The agent package is also available and this may be installed from the Debian repositories using apt.  The agent runs under xinetd, and the configuration file is /etc/xinetd/check_mk.  The last line must be changed from "disable = yes" to "disable = no" at a minimum.  You may also restrict access to specified IP addresses.  Once changed, simply restart xinetd.

Creating a monitoring site is easy.  Issue the command "omd create <site_name>."  For this article, we shall use the site name COU.  This command:
  • creates a directory structure /opt/omd/COU under which configuration files are maintained.
  • a new user and group COU; the user is also a member of the group omd.

You may modify configuration files (e.g. /etc/apache/*, /etc/nagios/*) as necessary, but the distribution is ready to run and configure from the web interface.  Start the site with the command "omd start <site_name>."

Configuring OMD using the Check-MK Web Administration Tool (WATO)

The new site is available under the web server's /COU directory.  The default logon is user name "omdadmin" and password "omd."

The initial page is an overview of different web-based tools such as Nagios, Icinga, Thruk and NagVis.

Check-MK is another web interface that may be used with Nagios, but in this case it is also integrated with the Check-MK suite and includes tools such as WATO for configuration, the Livestatus Nagios event broker and a very efficient Check Engine that submits results to Nagios as passive checks, saving a great deal of processing -- an effective alternative to NSCA.

WATO, the administration tool, provides a well-organized interface.  The illustration above depicts the Hosts option, with the monitoring server and two Folders for Cisco and Linux devices added.  The add hosts and folders icons link to the screens for these tasks.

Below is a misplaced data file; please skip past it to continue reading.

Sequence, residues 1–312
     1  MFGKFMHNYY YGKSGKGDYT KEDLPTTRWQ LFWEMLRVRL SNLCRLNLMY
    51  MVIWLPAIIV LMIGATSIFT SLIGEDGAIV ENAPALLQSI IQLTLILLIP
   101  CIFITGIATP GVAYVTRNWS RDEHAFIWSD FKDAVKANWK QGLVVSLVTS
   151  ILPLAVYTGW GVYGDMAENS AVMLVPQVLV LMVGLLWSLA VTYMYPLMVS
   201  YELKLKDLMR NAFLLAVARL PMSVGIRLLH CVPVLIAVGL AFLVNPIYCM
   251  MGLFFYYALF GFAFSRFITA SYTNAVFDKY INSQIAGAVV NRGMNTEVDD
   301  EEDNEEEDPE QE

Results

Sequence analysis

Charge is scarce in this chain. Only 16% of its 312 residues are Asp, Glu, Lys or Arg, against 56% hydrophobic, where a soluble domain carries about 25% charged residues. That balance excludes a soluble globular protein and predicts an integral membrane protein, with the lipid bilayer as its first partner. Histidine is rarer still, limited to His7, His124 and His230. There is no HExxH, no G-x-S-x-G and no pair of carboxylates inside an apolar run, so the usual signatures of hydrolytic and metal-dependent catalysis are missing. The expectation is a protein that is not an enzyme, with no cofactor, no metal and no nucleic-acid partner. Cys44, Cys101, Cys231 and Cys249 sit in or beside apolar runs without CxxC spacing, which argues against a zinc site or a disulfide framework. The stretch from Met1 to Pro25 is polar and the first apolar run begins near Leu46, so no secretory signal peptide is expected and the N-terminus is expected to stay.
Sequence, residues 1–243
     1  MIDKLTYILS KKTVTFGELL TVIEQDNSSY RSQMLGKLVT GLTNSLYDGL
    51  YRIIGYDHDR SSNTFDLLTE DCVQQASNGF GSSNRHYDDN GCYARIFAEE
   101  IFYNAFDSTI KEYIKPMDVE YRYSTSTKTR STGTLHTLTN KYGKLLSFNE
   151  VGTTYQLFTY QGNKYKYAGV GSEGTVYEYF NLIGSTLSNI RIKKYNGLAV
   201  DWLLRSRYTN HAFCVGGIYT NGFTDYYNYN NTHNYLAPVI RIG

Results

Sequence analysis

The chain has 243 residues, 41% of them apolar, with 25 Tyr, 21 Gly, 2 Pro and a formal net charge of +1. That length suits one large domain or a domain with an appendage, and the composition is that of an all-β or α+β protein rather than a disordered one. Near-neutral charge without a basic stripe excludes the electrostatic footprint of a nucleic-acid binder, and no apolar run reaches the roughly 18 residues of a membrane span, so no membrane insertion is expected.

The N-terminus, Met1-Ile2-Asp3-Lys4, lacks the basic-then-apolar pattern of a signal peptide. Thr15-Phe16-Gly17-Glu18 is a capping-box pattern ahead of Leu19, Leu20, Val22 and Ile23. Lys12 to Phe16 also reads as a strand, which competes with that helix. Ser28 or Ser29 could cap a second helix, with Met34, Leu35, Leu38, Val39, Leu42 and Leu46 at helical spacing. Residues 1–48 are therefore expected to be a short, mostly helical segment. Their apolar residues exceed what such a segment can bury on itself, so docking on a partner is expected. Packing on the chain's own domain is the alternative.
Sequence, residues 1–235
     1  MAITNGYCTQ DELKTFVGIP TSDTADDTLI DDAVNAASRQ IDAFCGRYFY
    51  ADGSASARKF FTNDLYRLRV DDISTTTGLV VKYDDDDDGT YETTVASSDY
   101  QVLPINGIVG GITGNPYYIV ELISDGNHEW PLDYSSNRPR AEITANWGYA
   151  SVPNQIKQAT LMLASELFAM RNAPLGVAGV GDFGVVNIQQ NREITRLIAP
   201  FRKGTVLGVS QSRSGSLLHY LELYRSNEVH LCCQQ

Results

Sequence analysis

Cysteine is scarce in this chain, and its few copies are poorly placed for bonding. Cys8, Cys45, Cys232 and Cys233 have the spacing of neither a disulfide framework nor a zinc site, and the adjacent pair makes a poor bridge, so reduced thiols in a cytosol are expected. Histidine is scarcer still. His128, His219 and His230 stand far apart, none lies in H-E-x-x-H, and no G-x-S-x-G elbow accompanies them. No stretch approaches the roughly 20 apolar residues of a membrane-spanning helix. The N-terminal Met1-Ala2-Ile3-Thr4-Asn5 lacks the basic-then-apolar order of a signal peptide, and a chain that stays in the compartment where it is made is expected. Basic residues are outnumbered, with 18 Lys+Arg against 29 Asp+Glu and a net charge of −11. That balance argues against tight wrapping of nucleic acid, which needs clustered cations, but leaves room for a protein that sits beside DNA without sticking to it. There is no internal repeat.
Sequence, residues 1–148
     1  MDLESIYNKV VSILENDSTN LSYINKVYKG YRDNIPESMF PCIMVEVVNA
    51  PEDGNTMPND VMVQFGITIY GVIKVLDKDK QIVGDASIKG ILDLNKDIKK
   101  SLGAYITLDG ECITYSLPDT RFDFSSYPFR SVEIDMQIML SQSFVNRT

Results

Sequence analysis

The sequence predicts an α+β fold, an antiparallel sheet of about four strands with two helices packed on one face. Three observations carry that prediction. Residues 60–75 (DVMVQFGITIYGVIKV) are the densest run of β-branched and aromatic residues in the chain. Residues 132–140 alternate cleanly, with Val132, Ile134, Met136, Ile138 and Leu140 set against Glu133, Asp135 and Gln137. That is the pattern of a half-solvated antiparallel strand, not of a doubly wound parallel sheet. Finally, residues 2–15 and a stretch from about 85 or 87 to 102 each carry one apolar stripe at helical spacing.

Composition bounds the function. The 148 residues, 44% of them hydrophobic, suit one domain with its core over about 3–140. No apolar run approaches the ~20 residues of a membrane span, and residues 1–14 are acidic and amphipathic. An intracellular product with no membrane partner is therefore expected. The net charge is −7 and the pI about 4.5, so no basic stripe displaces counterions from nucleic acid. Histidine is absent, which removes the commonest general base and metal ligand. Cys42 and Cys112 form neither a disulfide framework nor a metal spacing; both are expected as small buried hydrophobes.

The Cisco Folder contains eight routers with icons and summaries provided for administrative tasks such as modifying and cloning hosts.
The edit and add hosts screens are very similar.  Check-MK is agent or SNMP-based, so there is very little information required to define a host -- the application, agents and SNMP manage discovery.
The discovery process is fairly thorough.  The illustration above depicts SNMP items discovered on a Cisco 3745 Router.  Discovery finds not just interfaces, but also fans, power supplies, CPU, memory and other counters.

By default, the SNMP Discovery process only searches for Ethernet and Frame Relay devices on all hosts.  If you have SONET or other interfaces, you must activate them from the Global Configuration screen.  That process is depicted in the video at the bottom of this article.
Parent relationship definitions are included for each host.  Parent relationships define topology -- as depicted above -- and also control Notifications.  A more thorough treatment discussion of Nagios/Icinga Logic, Alerts and Notifications is available in another blog article.  The illustration above depicts a NagVis-generated topology available from the Check-MK views.
Finally (at least as far as this article is concerned), OMD includes a preconfigured PNP4Nagios installation.  As soon as a host is added the application processes service check results and begins graphing them.  Although not depicted, Check-MK includes its own Perf-O-Meter views that are small and effective overviews of counters.
The video below depicts OMD installation on Debian Wheezy, a rather simple process described above.

The video below depicts configuring OMD for monitoring eight Cisco routers and two Linux Layer 2 Switches using the Check-MK interface.